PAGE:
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Richard Foley answers questions on the culture of research in academia

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Due to current political climate, questions on funding, and dwindling enrollment size, academia has never been as challenged as it is today. Richard Foley, a philosopher and former dean, pushes back against these critiques. He spoke to Oxford University Press editor, Peter Ohlin, on why the arts, humanities, and sciences research should be celebrated. Ohlin: Much of your recent research on the differences between the sciences and humanities is similar to C.P Snow’s famous essay from half a century ago, but you also issue a call for universities to defend a culture of research. What do you mean by “culture of research”? Foley: Above all it’s a culture that treasures and finds ways to support intellectual achievements, especially long-term ones. Among its presiding values is that not every inquiry should be assessed in terms of immediate usefulness. Many topics are such that it shouldn’t be quick and easy to have opinions about them. Ohlin: Why is it important for universities to. . .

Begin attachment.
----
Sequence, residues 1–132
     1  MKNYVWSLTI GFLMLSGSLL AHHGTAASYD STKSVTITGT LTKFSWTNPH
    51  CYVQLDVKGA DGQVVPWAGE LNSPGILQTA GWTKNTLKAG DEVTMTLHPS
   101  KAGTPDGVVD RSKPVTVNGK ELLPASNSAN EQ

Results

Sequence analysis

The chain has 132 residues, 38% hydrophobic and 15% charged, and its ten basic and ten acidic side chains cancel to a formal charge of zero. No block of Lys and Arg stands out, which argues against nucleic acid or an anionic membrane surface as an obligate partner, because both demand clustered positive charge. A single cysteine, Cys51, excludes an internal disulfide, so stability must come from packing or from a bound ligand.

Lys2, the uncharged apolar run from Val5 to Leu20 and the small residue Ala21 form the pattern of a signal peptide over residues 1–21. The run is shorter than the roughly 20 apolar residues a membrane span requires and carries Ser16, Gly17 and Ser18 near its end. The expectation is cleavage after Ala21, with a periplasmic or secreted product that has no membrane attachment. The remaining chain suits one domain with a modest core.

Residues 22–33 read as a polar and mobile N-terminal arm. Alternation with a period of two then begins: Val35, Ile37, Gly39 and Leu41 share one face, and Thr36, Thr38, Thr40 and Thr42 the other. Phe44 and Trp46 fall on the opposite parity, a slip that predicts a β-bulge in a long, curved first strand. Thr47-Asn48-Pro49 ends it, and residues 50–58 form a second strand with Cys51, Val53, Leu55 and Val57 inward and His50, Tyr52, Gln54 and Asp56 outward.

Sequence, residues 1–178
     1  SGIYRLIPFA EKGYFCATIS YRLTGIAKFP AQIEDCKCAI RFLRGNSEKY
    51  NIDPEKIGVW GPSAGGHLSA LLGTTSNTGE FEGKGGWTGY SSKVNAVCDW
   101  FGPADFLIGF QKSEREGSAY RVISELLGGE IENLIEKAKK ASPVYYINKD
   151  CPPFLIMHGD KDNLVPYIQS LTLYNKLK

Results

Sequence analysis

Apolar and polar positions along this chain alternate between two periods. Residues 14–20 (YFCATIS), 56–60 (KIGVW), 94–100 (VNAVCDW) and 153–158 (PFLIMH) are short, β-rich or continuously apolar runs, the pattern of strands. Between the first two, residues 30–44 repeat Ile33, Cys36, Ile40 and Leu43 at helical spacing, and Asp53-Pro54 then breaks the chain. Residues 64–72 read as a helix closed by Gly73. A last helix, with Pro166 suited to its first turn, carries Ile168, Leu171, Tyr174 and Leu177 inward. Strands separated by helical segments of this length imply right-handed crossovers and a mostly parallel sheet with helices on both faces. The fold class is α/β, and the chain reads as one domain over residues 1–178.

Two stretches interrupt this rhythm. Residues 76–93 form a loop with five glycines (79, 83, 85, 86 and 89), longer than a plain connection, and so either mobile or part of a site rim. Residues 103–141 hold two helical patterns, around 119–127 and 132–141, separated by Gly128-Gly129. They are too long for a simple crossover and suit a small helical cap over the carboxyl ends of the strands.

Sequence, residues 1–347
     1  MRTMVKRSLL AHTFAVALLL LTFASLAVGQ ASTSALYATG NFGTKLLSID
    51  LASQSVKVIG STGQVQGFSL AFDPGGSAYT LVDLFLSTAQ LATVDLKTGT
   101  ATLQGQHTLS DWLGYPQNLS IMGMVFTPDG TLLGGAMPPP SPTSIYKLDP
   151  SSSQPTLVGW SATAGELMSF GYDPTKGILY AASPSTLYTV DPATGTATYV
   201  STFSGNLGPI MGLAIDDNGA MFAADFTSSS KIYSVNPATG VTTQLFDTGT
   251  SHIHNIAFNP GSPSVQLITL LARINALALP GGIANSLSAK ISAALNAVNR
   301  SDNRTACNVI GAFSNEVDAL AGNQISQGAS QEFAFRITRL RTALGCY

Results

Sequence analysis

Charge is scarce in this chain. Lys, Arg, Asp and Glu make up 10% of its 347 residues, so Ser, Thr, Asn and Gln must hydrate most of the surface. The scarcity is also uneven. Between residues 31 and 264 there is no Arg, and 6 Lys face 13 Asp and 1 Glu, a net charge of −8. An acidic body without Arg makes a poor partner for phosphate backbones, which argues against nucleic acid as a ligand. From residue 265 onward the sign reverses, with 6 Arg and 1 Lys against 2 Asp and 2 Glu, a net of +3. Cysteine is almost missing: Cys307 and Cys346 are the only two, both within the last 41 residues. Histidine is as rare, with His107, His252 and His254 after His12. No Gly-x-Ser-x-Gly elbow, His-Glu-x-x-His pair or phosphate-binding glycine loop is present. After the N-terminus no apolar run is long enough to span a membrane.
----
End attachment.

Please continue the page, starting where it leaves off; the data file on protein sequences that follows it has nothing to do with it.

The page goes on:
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News source: OUPblog » Philosophy

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